Passover's Messianic Mystery


by: Julius Ciss

Executive Director, Jews for Judaism


The moment the Jews left Egypt was monumental. They were transformed instantly from slaves to free people. Although the Exodus began on the first day, it wasn’t complete until day seven when the Jews crossed the Red Sea (Sea of Reeds) and were out of danger.


There’s a famous saying, “It’s easier to take the Jews out of Egypt than to take Egypt out of the Jews.” This refers to the process of removing a mentality of slavery and self-imposed limitations and is alluded to in the Hebrew word for Egypt, mitzrayim, which means limitations.


One reason Passover lasts seven days (eight outside of Israel) is to remind us that redemption, both physical and spiritual, is an ongoing process. In fact, 49 days of preparation preceded the apex of the Exodus when the Jewish people received the Torah at Mount Sinai.


Our sages say that Passover points to the ultimate messianic redemption, which also entails a long preparation process. This process allows for the refinement of our selves, our society, and the material world by living a life guided by the Torah.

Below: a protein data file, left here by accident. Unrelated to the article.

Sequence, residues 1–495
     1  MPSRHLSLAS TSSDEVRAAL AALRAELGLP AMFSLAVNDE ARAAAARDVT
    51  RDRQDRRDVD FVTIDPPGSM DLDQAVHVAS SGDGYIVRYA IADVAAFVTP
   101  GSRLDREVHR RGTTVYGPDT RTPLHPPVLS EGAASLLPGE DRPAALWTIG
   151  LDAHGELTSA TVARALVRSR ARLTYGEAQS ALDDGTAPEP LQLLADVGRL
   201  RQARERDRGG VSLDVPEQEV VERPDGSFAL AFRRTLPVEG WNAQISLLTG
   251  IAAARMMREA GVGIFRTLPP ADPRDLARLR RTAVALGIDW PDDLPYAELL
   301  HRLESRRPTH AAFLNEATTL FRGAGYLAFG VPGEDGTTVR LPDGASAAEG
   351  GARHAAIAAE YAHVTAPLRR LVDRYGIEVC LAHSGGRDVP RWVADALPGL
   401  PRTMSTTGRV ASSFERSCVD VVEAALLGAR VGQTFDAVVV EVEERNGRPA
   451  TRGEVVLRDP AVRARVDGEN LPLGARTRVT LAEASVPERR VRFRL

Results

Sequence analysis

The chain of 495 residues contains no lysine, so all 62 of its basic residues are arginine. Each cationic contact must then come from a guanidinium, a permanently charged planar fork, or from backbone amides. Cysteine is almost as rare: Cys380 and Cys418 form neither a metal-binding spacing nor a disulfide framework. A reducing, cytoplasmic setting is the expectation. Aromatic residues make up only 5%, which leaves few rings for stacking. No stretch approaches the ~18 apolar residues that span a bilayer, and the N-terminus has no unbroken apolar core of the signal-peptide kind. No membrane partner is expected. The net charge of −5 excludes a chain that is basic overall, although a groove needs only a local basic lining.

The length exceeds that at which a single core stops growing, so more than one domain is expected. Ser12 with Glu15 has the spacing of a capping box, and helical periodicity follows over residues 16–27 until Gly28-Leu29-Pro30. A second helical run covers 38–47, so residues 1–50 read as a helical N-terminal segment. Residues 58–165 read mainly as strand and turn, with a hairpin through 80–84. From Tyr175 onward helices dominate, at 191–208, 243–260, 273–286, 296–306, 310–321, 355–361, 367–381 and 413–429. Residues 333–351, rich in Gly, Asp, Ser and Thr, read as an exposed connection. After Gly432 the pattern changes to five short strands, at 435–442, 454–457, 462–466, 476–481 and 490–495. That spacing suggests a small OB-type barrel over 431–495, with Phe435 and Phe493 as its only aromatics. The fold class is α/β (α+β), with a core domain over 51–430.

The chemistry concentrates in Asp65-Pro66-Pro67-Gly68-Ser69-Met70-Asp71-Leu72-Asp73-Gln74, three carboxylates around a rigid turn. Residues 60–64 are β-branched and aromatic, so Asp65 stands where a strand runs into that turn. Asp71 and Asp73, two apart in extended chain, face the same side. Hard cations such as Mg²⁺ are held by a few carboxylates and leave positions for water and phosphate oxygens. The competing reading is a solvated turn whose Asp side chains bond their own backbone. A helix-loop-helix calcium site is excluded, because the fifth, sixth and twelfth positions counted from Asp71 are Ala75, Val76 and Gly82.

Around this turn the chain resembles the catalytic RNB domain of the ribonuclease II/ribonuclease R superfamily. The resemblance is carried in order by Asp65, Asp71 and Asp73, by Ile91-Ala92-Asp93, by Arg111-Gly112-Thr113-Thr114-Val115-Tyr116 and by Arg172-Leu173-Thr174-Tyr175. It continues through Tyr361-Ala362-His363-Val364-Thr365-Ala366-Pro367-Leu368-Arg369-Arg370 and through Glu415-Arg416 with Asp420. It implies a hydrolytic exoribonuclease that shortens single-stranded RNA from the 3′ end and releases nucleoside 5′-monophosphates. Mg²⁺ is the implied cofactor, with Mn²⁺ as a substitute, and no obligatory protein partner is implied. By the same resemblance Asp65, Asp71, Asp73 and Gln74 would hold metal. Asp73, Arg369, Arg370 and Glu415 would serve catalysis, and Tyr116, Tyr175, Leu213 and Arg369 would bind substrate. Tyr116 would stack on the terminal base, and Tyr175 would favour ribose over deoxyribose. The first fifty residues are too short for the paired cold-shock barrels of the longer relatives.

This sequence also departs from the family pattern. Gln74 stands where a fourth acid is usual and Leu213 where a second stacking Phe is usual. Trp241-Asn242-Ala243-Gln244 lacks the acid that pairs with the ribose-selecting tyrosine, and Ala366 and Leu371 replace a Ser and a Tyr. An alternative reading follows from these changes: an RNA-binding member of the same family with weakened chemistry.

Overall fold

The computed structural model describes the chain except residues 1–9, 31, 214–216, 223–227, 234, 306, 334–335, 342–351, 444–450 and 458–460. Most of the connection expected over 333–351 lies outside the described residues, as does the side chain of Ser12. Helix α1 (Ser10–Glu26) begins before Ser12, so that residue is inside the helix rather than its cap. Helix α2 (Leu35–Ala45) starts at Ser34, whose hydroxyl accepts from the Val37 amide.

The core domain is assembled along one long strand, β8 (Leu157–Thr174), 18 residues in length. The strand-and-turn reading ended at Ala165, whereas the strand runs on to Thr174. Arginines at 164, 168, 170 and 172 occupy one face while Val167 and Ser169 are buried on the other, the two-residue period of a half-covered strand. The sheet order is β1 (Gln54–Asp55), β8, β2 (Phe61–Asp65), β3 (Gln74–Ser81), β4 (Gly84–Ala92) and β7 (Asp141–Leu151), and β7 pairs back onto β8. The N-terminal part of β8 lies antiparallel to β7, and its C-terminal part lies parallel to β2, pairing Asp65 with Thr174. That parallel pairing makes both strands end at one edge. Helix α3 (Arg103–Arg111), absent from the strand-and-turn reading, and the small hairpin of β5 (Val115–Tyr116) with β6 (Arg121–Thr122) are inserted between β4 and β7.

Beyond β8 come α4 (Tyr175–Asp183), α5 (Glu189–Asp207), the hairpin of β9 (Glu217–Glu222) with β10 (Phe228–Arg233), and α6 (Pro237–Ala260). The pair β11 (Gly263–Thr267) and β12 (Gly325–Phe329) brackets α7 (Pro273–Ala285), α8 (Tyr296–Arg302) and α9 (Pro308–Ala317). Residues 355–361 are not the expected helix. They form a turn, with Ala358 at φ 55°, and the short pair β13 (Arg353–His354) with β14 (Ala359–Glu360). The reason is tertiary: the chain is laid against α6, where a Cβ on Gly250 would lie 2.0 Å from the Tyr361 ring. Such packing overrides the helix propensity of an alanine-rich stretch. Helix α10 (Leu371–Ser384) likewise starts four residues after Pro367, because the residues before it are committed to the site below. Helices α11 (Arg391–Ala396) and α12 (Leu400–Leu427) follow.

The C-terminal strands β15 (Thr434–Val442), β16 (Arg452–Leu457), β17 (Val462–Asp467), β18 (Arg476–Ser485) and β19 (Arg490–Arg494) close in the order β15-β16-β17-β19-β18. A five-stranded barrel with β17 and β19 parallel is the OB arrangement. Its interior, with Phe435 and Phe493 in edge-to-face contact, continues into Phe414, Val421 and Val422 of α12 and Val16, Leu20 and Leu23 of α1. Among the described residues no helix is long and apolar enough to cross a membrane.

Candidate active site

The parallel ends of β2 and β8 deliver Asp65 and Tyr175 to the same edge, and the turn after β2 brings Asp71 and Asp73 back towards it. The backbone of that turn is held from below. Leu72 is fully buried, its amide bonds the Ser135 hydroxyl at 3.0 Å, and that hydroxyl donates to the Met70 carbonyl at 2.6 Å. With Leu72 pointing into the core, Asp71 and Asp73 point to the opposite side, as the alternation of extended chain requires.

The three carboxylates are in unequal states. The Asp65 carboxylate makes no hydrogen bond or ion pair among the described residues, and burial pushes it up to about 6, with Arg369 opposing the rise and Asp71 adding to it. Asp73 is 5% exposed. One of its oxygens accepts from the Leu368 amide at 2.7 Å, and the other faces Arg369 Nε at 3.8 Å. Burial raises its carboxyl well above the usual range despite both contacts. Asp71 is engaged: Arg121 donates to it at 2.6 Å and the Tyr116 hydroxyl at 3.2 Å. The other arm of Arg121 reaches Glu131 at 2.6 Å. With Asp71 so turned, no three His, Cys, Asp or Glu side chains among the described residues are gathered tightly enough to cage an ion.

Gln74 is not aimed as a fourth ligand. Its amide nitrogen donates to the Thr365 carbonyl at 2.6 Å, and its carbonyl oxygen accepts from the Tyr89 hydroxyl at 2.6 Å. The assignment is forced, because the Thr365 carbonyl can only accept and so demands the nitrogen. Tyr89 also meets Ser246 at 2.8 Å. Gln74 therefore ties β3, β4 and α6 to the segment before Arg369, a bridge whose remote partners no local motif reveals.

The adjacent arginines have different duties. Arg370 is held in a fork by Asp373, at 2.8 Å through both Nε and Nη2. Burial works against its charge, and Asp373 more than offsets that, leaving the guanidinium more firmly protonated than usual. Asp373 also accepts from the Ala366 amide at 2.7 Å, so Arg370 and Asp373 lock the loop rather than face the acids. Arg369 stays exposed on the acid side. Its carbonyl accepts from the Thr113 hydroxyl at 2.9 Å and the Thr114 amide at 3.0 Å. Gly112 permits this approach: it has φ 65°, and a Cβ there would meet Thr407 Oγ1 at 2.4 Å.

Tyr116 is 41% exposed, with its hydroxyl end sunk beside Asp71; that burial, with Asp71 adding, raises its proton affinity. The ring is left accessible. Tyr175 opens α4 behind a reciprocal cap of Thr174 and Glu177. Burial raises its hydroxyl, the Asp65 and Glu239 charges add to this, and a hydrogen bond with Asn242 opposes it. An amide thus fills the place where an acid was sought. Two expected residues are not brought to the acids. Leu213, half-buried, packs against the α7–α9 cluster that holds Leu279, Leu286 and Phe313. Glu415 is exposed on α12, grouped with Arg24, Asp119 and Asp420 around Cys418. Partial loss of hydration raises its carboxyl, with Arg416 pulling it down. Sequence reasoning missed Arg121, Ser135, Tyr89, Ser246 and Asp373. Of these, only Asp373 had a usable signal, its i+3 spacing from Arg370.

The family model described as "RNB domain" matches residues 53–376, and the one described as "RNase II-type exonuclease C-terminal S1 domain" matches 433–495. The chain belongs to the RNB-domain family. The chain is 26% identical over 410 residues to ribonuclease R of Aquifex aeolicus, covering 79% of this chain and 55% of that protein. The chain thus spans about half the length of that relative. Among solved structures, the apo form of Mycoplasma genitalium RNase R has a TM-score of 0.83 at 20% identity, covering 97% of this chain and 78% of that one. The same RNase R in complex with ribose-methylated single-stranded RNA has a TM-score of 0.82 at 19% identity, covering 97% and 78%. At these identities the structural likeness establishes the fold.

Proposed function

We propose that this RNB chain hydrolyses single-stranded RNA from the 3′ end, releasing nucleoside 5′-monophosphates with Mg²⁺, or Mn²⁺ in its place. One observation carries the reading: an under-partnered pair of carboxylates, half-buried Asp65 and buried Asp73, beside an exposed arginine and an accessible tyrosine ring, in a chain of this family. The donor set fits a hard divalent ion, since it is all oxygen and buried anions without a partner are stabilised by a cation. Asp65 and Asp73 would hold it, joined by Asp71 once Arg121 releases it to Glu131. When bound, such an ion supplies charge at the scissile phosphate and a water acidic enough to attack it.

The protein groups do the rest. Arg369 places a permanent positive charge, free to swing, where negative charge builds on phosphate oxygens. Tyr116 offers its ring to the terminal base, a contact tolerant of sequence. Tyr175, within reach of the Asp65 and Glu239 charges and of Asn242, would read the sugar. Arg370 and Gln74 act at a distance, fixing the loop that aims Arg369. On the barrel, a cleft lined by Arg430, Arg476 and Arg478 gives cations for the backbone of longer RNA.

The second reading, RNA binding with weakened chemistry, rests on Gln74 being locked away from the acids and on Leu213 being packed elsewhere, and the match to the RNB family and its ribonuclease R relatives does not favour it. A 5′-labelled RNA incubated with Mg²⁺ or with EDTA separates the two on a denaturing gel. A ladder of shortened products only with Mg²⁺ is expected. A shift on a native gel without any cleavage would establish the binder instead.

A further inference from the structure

Have you ever wondered what it will be like in the messianic era? The prophet Ezekiel, in chapter 37:24-28, provides the most concise and detailed description of the messianic redemption. In those verses we’re told that there will be a messianic King who will be a descendant of King David and King Solomon, the Jews will be gathered to Israel from the four corners of the world, the Temple will be rebuilt, and a new era of everlasting peace and universal awareness of the one true G-d will be ushered in. Only when these events take place will we know that the Messiah has arrived.


In stark contrast to the Christian messiah, the Jewish Messiah won’t be worshipped as G-d. He will be a revered, righteous human leader and, together with the Jewish people, he will worship and serve G-d.


Missionaries claim that Jesus must be the Messiah because of all the miracles he performed. But our Bible never says that we will recognize the Messiah through miracles he’ll perform. The Torah actually teaches that even false prophets can have the ability to perform supernatural miracles (SEE: Deuteronomy 13:2-6)


The Jewish Bible provides a clear and consistent description of what the world will look like when the Messiah comes and this clearly hasn’t yet transpired. So, we await the coming of the “real” true Messiah, according to G-d’s promises and guidelines. May he and the utopian world come soon!


Have a beautiful and meaningful Passover.

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